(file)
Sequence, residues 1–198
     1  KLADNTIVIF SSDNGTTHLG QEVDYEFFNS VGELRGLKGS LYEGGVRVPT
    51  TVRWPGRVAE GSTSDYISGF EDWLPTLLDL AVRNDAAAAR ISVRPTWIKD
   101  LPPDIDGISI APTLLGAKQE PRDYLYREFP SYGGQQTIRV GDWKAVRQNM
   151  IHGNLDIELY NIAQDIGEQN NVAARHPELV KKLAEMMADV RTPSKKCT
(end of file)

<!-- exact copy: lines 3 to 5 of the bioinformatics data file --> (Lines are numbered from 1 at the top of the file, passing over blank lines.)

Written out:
    51  TVRWPGRVAE GSTSDYISGF EDWLPTLLDL AVRNDAAAAR ISVRPTWIKD
   101  LPPDIDGISI APTLLGAKQE PRDYLYREFP SYGGQQTIRV GDWKAVRQNM
   151  IHGNLDIELY NIAQDIGEQN NVAARHPELV KKLAEMMADV RTPSKKCT